In my last post, I wrote about how the sound of my own wheels drove me (kinda) crazy. My recovery – I know this is a controversial word in some circles, but damn it I’m using it anyway – is ongoing, including and most annoyingly regular nightmares, which would be dull if they weren’t so blooming scary.
Meanwhile, Doncaster and S Yorkshire have kept on listening to the sounds of their own bicycle wheels, including and especially the upcoming cycle race known as the “Tour de Yorkshire“.
As a non sporty person, one my favourite things about this upcoming (29 April – 1 May) race is spotting the yellow bicycles which are the symbol of the event. Sometimes, I just love this town, and its residents.
Case in point:
Sorry it’s not a better photo, I was trying not to include my own reflection in the picture.
Of course, no article about a cycling event is complete without the words of the Divine Freddie. I for one am proud to “make the rocking world go round“.
Meanwhile, I just can’t get enough of those yellow – or indeed other – cycles, too. Here’s another one from the display in the local shopping centre, the Frenchgate (if you’re below the age of 50) or Arndale (if you remember when Paul McCartney was in Wings (1):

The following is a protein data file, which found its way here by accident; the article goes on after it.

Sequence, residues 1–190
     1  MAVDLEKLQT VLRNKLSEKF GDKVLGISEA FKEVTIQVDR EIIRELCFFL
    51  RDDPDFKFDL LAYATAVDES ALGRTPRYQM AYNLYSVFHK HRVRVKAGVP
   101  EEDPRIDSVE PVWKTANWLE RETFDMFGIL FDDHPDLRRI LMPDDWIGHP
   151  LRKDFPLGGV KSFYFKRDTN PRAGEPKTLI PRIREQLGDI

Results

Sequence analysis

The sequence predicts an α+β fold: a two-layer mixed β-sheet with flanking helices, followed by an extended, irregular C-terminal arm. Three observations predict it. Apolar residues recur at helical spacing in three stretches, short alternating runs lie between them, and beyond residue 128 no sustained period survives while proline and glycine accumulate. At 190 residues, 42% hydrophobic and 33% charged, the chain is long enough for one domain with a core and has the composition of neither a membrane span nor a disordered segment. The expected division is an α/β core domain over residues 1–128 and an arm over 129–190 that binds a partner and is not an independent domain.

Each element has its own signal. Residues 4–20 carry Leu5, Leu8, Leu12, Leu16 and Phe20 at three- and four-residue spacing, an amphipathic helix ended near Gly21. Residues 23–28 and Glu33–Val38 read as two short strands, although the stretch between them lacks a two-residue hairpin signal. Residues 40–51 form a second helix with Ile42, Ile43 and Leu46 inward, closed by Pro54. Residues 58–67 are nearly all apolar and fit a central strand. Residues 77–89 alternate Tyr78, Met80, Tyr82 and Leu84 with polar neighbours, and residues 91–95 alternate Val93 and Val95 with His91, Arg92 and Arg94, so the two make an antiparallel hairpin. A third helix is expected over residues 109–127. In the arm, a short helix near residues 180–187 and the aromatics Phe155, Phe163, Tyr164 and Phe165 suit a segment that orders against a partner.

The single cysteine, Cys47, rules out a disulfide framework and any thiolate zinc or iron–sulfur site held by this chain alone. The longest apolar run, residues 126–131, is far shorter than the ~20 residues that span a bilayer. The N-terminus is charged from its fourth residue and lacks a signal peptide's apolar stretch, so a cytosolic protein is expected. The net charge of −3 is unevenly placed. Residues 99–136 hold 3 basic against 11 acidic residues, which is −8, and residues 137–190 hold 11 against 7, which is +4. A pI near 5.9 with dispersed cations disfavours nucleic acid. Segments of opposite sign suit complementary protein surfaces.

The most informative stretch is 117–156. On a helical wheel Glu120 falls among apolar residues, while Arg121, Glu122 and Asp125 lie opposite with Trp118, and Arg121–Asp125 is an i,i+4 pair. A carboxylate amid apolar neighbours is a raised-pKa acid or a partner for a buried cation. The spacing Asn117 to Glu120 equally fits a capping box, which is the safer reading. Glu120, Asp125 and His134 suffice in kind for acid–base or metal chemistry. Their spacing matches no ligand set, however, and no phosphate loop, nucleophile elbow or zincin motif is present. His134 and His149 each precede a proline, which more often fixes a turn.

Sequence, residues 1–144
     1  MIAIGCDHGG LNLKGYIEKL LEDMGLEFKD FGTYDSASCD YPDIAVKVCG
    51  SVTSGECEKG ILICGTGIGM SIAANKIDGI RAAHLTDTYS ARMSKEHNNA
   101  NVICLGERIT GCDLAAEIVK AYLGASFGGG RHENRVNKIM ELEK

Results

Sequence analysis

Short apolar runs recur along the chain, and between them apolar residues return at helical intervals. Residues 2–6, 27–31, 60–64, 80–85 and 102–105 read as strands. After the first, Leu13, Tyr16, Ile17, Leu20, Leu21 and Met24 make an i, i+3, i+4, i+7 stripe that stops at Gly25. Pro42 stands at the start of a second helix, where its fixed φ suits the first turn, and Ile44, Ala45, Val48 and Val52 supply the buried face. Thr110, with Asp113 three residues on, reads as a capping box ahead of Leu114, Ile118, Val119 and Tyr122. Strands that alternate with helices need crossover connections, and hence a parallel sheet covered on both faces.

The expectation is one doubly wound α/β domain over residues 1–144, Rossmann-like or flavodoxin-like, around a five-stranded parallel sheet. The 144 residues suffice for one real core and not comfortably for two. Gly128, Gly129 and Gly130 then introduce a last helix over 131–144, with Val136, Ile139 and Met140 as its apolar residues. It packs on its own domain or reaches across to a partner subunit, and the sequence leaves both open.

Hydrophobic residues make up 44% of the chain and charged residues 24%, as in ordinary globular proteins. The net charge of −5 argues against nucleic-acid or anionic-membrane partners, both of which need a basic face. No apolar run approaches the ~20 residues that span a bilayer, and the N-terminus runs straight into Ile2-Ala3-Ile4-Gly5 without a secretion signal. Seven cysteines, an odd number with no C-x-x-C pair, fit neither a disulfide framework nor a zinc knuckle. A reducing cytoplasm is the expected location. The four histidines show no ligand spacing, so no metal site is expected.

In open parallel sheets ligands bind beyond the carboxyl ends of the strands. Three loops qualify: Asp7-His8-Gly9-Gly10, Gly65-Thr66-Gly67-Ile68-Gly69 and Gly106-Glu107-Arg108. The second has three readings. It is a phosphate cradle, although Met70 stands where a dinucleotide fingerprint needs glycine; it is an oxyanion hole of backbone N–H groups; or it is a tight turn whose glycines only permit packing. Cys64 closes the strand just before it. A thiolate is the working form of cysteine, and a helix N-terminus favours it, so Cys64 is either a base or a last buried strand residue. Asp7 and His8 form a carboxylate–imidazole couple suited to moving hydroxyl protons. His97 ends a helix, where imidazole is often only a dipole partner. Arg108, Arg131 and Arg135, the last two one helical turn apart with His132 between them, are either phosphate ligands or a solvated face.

Back for the moment to the subject of recovery, I recently told a friend that the list of things that indicate that I’m becoming (comparatively) well after a period of illness include making a pot of tea with leaves, and using a toast rack again:
Cue my favourite song about Toast
Yeah, I didn’t have to include links to so many music videos (2), but it does tie into the subject of recovery. When I’m unwell, I can’t be bothered to do anything, let alone play about with Youtube. Now, though, I’m listening to it again, not just for songs from my largely wasted youth, but also hunting for favourite moments from Doctor Who. Current favourite? This fan mashup from the brilliant Christmas special of 2015, featuring the touching conclusion to the River Song / Doctor story. (3)
Taking photos is also a good indicator that I’m coming out of the mire of anxiety and/or depression. This is another one from the local shopping centre:
I read recently that Londoners, during the Blitz, changed the usual greeting from “Good night” to “Good night and good luck”, as they didn’t know if they would make it through the night.
Here’s to whatever gets you through the day, and the nighttime, too.
(1) One of the few pop songs from my childhood which seems to have been played more in the US than the UK, judging from how I’ve never seen this on a 70s music retrospective since I’ve moved to the UK
(2) Yeah, I still call them videos. It’s because I’m old.
(3) A programme which manages to change from screwball comedy, to a touching, adult love story.